“But what for? You didn’t answer.”

         “I did, too. To look for babies.” D.R. shouted. “Who knows what we’ll find in there? There could be lots of them. Maybe they’re mass murderers and we’ll report them to the cops. Maybe there’s a reward.”

         “You’re nuts. They’re nothing like that.”

         “We’ll never know until we have evidence.” D.R. couldn’t stop.

         “You told Frankie he was crazy when he started talking about killing babies from farms, all that kind of shit. Who’s ever seen a dead baby around here?”

         “I did. I saw it from the sewer. We’ll wait a week. Then we’re going,” he said.

         “Maybe next week.”

         I don’t know what got me to say maybe. I’ve tried to figure it out over the years, but so far only come up with D.R.’s seduction, which got me so many other times to go along with him. His persuasion came down to having balls, whatever that meant, or still means. We just acted in ways that he and I thought boys were supposed to.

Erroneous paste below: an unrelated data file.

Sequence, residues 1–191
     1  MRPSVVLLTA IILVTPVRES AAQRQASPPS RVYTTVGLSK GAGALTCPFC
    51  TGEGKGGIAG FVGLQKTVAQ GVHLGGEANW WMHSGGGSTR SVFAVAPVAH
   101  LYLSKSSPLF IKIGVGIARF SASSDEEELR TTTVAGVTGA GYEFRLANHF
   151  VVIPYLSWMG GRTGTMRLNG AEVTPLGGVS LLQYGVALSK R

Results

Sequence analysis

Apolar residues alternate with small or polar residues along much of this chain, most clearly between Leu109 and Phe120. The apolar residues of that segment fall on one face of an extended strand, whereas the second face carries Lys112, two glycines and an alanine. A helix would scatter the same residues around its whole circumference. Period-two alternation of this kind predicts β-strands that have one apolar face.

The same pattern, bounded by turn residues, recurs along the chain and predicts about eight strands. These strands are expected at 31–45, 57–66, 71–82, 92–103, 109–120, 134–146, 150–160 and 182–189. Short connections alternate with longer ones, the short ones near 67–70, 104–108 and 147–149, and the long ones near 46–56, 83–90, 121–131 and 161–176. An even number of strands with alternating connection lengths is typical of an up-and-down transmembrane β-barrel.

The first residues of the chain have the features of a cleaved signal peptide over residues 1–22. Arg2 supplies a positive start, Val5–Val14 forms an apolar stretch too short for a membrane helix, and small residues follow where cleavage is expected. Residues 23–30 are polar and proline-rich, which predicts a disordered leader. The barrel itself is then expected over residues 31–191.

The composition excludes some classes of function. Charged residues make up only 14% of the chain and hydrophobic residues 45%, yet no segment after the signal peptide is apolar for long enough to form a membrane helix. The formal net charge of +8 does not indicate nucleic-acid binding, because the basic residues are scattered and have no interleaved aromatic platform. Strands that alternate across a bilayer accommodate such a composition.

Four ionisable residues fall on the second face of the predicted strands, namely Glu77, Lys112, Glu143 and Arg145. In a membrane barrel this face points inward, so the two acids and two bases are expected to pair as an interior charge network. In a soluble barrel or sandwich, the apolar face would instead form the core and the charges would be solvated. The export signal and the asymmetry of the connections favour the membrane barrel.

Mr. Milner let Dog Lady roam the whole day, every season, when sunlight first poked up and over Manhattan’s skyline. He wouldn’t bring her home until street lights snapped on, tracked her down at dusk, wherever she happened to be. Then a slow walk back through the coming dark. The next day she’d materialize on the street, appearing in house dress and slippers, maybe an overcoat. She didn’t go out in bad weather. At least Milner had some kind of heart.

         In all the years I lived on the block I never witnessed Dog Lady exit or return home. Milner shooed us away if he saw us watching. On bad weather days D.R. and I stood on my enclosed porch, looking through the storm windows, waiting for the rain to clear so we could run out, maybe catch Dog Lady actually leave the house, come down the steps, and find the right stick for the day’s task. Crazy Jensen Chouczescu, Frankie’s pal, told us Milner carried Dog Lady up and down the stairs. Another version claimed she hovered two full inches over the brick steps, descended by homing her vision on the tree opposite their front door and used an inverse, lateral gravitational pull to move her body from point A to point B.